Social inclusion incorporates attitudes, expectations and perceptions about what it means to belong to a group. Belonging is embedded in personal beliefs and social structures that set forth criteria that determine how individuals and groups are accorded value and esteem. This chapter explores the constructs of social inclusion, exclusion and belonging with regard to persons in general and more specifically children with disability. It examines the importance of belonging and social inclusion to academic and psychosocial well-being and the effects of stigmatization and exclusion on self-perception, agency and voice. The chapter concludes with a number of evidence-based strategies for creating classrooms, schools and communities in which all are valued, welcomed and belong.
The purpose of this conceptual study is to offer an assessment and evaluation of the literature in the field of international marketing negotiations and to propose a…
The purpose of this conceptual study is to offer an assessment and evaluation of the literature in the field of international marketing negotiations and to propose a descriptive organizing framework which could serve as a basis to integrate and evaluate the existing empirical and conceptual work. The premise of the model is that certain cultural value orientations will be reflected in the characteristics of individuals and in those of their respective companies. Cultural value orientations will, thus, indirectly affect the process of negotiation and the outcomes of the dyadic interaction.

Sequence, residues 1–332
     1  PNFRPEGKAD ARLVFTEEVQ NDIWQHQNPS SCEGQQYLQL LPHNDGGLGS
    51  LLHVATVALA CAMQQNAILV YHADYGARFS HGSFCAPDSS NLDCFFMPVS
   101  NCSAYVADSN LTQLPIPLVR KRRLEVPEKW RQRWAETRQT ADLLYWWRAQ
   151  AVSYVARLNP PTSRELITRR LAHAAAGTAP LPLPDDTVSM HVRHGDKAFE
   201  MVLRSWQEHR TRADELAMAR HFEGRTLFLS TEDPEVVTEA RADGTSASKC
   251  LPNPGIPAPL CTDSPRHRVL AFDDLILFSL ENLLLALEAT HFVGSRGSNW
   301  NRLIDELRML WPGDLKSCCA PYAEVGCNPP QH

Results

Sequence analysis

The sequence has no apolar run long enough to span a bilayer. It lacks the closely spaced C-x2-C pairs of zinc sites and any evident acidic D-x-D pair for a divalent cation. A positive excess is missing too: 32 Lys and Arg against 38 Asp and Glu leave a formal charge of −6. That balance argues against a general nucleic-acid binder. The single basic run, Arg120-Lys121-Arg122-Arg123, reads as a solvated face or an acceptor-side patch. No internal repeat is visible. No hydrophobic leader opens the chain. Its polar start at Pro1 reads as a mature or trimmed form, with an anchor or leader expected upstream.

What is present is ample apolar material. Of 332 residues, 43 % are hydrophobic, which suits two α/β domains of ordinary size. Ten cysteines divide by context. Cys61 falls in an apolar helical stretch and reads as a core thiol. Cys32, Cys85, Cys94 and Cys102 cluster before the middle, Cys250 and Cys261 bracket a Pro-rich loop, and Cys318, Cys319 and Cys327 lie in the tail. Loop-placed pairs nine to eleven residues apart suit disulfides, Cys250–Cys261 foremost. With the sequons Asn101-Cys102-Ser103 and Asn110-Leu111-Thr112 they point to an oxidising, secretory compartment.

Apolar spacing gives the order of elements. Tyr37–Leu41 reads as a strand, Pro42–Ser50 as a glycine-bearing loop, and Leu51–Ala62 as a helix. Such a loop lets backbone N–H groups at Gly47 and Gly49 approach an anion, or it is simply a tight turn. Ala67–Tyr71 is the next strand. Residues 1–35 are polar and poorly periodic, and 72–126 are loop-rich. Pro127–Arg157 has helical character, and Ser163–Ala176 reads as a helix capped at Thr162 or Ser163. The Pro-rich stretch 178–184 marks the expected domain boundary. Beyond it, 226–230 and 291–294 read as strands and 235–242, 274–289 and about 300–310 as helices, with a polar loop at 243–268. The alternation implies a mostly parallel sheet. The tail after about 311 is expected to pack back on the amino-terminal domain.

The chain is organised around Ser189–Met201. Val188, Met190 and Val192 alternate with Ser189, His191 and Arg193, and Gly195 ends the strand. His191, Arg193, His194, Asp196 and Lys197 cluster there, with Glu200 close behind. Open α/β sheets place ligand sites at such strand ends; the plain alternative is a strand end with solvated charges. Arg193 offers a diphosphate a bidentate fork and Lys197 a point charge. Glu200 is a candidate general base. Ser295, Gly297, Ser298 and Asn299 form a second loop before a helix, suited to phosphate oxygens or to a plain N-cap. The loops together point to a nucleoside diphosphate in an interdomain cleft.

A review in depth of Policy Studies Issue 13:1 consideringthe progress made to date by the Training and Enterprise Councils in theUK. It provides an informed and valuable…
A review in depth of Policy Studies Issue 13:1 considering the progress made to date by the Training and Enterprise Councils in the UK. It provides an informed and valuable backdrop to the varied and interesting papers which go to make up this special issue. The papers consider the TECs from a variety of perspectives and are themselves considered from the standpoint of an adviser to their Boards and senior management teams. Argues that this critical stage of the TECs is one which is given scant consideration in the publication and that TEC managers are frequently overstretched and under resourced. While this is a common characteristic of work in the 1990s, the committed and hard working managers and staff of TECs should not become political footballs, becoming overburdened by initiative overload but should be permitted to get on with their very important task within a realistic strategic framework.